- Preparing for the 2nd wave: lessons from current outbreaks
Pandemic (H1N1) 2009
- Monitoring of outbreaks from different parts of the world
provides sufficient information to make some tentative conclusions about
how the influenza pandemic might evolve in the coming months. WHO is advising
countries in the northern hemisphere to prepare for a 2nd wave of pandemic
spread. Countries with tropical climates, where the pandemic virus arrived
later than elsewhere, also need to prepare for an increasing number of
cases. Countries in temperate parts of the southern hemisphere should remain
vigilant. As experience has shown, localized "hot spots" of increasing
transmission can continue to occur even when the pandemic has peaked at
the national level.
- H1N1 now the dominant virus strain
- Evidence from multiple outbreak sites demonstrates that
the H1N1 pandemic 2009 virus has rapidly established itself and is now
the dominant influenza strain in most parts of the world. The pandemic
will persist in the coming months as the virus continues to move through
susceptible populations. Close monitoring of viruses by a WHO network of
laboratories shows that viruses from all outbreaks remain virtually identical.
Studies have detected no signs that the virus has mutated to a more virulent
or lethal form.
- Likewise, the clinical picture of pandemic influenza
is largely consistent across all countries. The overwhelming majority of
patients continue to experience mild illness. Although the virus can cause
very severe and fatal illness, also in young and healthy people, the number
of such cases remains small.
- Large populations susceptible to infection
- While these trends are encouraging, large numbers of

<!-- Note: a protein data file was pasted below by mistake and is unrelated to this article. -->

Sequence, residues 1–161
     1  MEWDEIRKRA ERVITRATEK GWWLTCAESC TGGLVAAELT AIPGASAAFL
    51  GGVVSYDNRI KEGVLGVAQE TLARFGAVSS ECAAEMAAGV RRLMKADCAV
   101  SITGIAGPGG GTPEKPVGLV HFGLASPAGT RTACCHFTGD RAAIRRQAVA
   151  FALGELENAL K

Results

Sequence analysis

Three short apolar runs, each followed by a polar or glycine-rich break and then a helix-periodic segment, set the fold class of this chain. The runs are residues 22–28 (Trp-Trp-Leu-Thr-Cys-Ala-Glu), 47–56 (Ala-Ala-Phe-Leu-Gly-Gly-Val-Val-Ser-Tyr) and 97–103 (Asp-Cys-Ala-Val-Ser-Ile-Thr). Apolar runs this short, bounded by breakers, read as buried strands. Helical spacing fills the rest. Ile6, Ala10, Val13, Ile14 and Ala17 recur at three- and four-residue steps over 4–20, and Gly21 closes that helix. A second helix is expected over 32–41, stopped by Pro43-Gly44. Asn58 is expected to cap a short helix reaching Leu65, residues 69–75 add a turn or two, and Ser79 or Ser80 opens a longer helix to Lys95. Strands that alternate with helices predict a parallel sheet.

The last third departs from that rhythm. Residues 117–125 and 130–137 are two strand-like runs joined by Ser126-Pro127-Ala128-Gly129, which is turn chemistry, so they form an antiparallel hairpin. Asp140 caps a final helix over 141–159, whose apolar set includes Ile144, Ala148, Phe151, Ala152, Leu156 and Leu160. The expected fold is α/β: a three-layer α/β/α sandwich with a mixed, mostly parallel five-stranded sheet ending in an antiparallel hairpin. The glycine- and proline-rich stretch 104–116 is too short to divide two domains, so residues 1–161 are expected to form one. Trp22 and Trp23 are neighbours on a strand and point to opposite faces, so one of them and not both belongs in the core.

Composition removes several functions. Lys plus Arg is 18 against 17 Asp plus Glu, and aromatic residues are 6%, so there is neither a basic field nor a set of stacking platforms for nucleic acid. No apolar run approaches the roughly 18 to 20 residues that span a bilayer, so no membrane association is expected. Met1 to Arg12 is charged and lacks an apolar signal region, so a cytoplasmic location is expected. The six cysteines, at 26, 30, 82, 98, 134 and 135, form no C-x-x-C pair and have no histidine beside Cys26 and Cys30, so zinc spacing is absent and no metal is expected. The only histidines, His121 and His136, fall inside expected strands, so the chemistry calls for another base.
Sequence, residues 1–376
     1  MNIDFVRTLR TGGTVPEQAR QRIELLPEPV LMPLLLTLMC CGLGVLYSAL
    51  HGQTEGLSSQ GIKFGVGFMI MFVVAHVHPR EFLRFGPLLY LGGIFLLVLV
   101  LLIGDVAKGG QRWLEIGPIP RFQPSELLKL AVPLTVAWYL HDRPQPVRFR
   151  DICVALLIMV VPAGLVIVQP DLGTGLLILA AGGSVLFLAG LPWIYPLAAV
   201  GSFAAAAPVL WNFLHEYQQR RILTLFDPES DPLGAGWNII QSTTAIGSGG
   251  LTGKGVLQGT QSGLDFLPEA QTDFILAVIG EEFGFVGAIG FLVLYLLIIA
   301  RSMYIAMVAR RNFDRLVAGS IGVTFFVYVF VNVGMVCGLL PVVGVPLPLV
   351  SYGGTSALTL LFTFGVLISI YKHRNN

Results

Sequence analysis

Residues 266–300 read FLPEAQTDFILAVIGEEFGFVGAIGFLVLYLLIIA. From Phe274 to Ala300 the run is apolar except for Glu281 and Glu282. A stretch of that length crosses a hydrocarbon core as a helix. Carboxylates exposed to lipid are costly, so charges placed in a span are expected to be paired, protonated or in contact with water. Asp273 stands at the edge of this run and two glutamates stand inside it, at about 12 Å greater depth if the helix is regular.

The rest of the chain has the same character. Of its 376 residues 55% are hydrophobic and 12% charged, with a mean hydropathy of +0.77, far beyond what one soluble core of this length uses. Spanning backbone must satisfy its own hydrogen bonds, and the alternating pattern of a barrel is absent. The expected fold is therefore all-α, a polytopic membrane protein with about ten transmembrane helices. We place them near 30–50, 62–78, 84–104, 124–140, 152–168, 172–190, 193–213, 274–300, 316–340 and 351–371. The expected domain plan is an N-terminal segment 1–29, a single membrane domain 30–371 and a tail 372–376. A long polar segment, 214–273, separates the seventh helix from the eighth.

people in all countries remain susceptible to infection. Even if the current
pattern of usually mild illness continues, the impact of the pandemic during
the 2nd wave could worsen as larger numbers of people become infected.
Larger numbers of severely ill patients requiring intensive care are likely
to be the most urgent burden on health services, creating pressures that
could overwhelm intensive care units and possibly disrupt the provision
of care for other diseases.
- Monitoring for drug resistance
- At present, only a handful of pandemic viruses resistant
to oseltamivir have been detected worldwide, despite the administration
of many millions of treatment courses of antiviral drugs. All of these
cases have been extensively investigated, and no instances of onward transmission
of drug-resistant virus have been documented to date. Intense monitoring
continues, also through the WHO network of laboratories.
- Not the same as seasonal influenza
- Current evidence points to some important differences
between patterns of illness reported during the pandemic and those seen
during seasonal epidemics of influenza. The age groups affected by the
pandemic are generally younger. This is true for those most frequently
infected, and especially so for those experiencing severe or fatal illness.
To date, most severe cases and deaths have occurred in adults under the
age of 50 years, with deaths in the elderly comparatively rare. This age
distribution is in stark contrast with seasonal influenza, where around
90 percent of severe and fatal cases occur in people 65 years of age or
- Severe respiratory failure
- Perhaps most significantly, clinicians from around the
world are reporting a very severe form of disease, also in young and otherwise
healthy people, which is rarely seen during seasonal influenza infections.
In these patients, the virus directly infects the lung, causing severe
respiratory failure. Saving these lives depends on highly specialized and
demanding care in intensive care units, usually with long and costly stays.